Q&A – Who washes the work clothes: employees or the employer?
If employees are obliged to wear work clothes, you, as an employer, are responsible for the maintenance and cleaning of those clothes. Your organisation should wash the workwear itself or call in a specialised company to do so.
In case of obligation: the employer
Certain groups of employees are legally obliged to wear work clothes so that they do not get dirty during their work. Nurses and kitchen staff, for example. The risk analysis shows whether or not work clothes are required.
If so, you are responsible for the purchase, repair, maintenance and timely replacement of that clothing. This includes washing the outfit. You can do this either in your own organisation or you can outsource that task to a professional laundry company.
As an employer, you can also impose a professional uniform even if the risk analysis does not prescribe work clothing. Think of the employees at reception. In this case, other collective agreements and regulations apply.
And what about for a fee?
for a fee. However, in practice this is often the case. Only if the collective agreement in your sector explicitly allows this, will workers be allowed to wash their own professional workwear. This is the case, for example, in construction.
In any case, the maintenance of work clothing must not pose a risk to the health of employees and others. In addition, you must provide clear washing and maintenance instructions.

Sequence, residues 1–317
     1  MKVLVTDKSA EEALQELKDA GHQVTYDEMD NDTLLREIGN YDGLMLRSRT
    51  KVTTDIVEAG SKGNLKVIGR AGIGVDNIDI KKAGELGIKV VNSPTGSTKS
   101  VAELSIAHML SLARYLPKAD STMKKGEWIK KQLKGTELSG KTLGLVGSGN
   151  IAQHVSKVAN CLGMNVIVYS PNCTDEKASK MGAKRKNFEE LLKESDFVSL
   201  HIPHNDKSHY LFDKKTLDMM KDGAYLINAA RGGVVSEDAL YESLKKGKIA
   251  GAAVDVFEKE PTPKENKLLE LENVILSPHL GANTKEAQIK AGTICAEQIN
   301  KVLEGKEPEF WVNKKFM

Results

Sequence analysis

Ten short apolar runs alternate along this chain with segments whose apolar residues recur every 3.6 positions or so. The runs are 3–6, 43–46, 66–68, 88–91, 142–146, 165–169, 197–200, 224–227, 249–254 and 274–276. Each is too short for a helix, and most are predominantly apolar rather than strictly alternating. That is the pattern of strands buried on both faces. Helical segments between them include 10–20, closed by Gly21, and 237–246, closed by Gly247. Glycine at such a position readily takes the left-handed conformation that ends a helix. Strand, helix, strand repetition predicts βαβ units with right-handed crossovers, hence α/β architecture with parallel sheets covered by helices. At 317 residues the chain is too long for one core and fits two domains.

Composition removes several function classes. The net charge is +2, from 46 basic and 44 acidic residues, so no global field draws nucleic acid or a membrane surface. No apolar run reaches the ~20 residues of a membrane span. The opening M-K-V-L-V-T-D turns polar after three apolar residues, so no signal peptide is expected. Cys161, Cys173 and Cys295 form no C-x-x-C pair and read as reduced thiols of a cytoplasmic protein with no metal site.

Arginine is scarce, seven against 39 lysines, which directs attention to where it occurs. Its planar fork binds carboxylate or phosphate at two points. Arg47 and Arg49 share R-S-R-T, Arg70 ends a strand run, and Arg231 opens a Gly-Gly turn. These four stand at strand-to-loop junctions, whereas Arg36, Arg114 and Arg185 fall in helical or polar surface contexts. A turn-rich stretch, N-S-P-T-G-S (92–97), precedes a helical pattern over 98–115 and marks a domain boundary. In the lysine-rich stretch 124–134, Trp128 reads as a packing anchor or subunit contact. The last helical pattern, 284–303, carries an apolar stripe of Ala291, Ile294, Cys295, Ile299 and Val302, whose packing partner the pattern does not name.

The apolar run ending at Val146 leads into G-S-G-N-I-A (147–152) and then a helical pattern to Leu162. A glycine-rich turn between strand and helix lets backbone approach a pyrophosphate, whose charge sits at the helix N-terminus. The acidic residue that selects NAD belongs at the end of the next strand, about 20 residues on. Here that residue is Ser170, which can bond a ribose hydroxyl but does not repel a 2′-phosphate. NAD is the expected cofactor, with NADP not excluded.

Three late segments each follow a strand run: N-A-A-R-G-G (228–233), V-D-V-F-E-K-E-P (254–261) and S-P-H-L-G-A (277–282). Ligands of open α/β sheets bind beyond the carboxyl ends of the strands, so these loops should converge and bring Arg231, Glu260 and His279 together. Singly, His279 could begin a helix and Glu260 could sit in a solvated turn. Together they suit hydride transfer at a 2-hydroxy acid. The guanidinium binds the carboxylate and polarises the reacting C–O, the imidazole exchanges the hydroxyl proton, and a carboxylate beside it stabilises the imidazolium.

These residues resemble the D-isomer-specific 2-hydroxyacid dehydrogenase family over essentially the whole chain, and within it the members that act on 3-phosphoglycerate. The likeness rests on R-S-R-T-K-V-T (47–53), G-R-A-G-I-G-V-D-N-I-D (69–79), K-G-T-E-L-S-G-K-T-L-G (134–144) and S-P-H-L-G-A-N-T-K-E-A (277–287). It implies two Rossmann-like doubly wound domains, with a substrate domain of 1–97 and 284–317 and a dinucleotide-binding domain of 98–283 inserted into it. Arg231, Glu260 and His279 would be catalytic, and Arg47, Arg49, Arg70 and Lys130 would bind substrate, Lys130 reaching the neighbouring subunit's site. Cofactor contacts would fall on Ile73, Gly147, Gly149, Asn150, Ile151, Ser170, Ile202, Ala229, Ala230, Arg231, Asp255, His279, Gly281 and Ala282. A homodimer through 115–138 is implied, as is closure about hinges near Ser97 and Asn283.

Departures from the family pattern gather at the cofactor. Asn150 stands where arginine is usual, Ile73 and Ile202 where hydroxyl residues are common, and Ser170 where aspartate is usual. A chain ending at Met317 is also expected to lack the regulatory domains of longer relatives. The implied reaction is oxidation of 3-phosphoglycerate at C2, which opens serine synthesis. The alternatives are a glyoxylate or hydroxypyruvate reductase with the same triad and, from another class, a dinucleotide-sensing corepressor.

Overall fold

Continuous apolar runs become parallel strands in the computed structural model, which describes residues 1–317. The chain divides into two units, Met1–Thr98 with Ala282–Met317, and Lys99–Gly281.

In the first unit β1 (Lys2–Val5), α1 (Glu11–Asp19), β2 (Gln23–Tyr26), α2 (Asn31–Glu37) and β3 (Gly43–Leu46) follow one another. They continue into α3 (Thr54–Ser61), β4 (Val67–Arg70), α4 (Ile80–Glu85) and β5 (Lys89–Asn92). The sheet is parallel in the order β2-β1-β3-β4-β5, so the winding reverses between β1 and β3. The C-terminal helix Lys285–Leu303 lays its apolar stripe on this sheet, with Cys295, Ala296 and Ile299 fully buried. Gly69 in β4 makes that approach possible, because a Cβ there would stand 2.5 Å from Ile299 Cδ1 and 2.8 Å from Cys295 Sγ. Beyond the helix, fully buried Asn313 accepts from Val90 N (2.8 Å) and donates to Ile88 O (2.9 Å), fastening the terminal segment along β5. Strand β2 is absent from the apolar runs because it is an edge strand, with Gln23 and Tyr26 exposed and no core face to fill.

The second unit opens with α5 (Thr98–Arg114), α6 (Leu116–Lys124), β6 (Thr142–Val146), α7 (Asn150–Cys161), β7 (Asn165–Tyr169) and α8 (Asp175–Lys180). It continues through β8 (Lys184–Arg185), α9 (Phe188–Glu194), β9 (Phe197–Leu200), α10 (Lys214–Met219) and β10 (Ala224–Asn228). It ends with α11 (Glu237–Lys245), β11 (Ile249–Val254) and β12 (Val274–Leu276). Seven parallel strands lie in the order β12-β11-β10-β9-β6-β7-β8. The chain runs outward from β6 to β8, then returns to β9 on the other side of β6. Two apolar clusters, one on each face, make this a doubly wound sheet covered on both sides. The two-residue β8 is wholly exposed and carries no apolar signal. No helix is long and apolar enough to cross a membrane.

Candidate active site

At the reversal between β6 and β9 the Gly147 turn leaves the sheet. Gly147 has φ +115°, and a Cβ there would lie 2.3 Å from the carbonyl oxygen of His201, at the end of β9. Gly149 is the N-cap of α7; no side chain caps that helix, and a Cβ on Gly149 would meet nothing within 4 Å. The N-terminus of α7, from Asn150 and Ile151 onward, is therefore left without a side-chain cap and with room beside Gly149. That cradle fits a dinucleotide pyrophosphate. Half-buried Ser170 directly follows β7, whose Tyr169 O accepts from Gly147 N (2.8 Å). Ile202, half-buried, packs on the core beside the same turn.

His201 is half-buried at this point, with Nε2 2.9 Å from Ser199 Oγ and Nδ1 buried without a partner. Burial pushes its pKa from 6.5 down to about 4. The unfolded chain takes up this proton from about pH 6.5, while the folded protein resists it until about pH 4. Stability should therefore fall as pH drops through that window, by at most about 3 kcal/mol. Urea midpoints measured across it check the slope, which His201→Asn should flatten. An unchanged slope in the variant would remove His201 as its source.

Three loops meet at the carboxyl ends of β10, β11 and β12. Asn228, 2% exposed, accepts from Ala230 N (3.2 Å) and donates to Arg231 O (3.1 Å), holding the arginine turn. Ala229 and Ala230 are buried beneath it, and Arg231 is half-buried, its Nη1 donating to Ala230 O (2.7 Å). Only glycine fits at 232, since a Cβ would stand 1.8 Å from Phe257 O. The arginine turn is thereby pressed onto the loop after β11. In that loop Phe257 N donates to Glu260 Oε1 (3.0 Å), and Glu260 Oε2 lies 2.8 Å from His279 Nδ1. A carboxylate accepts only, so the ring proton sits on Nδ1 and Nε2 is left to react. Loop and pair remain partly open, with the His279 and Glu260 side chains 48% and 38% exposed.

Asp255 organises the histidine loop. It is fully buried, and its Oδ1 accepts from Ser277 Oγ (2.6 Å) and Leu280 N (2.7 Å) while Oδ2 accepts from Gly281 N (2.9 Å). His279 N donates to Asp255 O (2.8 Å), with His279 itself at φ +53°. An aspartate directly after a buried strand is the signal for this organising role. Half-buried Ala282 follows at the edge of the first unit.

3 rules of thumb for washing work clothes
Give the washing instructions from the supplier to the laundry service employees. This clearly explains how best to maintain the workwear, without damaging the material. If you did not receive written instructions with the delivery, please ask for it specifically.
Regardless of who washes the work clothes (you, employees or a specialised company), only laundry detergents that reduce wear and tear on the clothes are recommended. They contain as few chemical substances as possible (perfumes, dyes, etc.). They can cause allergic reactions, such as an itchy rash or sneezing fit. If you treat the clothes with a disinfectant, this product must be approved in accordance with the Royal Decree of 8 May 2014.
Specific measures apply in certain sectors. Think of care institutions. There, wet or humid textiles should never be left in a washing machine over night, and special attention should be paid to work clothes that have been stained with blood. Ask your prevention advisor about the rules for your organisation.
Don't give hygiene risks a chance
A question about washing work clothes? Contact us on +32 2 549 71 00 or mail us. We are happy to help.